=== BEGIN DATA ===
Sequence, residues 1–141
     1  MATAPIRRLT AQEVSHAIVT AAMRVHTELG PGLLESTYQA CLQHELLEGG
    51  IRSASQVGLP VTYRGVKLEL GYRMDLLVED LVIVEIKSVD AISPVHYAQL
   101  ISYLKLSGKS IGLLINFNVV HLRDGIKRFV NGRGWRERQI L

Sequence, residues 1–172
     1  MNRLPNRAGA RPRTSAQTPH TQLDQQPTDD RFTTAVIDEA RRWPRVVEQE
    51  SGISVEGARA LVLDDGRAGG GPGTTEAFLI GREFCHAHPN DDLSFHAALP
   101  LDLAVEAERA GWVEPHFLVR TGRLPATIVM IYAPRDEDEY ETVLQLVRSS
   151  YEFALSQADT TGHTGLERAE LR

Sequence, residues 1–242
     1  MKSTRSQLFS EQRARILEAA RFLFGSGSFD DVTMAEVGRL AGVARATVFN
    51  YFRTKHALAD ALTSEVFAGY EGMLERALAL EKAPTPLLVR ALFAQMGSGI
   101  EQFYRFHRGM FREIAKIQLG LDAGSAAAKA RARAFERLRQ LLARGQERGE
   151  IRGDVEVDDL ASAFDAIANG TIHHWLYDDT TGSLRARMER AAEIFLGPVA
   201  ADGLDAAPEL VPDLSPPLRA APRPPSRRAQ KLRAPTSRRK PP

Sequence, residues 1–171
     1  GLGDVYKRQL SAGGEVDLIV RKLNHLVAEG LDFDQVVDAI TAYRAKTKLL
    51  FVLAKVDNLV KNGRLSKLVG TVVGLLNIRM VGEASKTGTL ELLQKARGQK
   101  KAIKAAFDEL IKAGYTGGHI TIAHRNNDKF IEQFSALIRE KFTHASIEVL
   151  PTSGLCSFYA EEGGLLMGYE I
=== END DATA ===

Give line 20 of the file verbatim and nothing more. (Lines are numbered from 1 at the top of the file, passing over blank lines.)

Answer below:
   151  PTSGLCSFYA EEGGLLMGYE I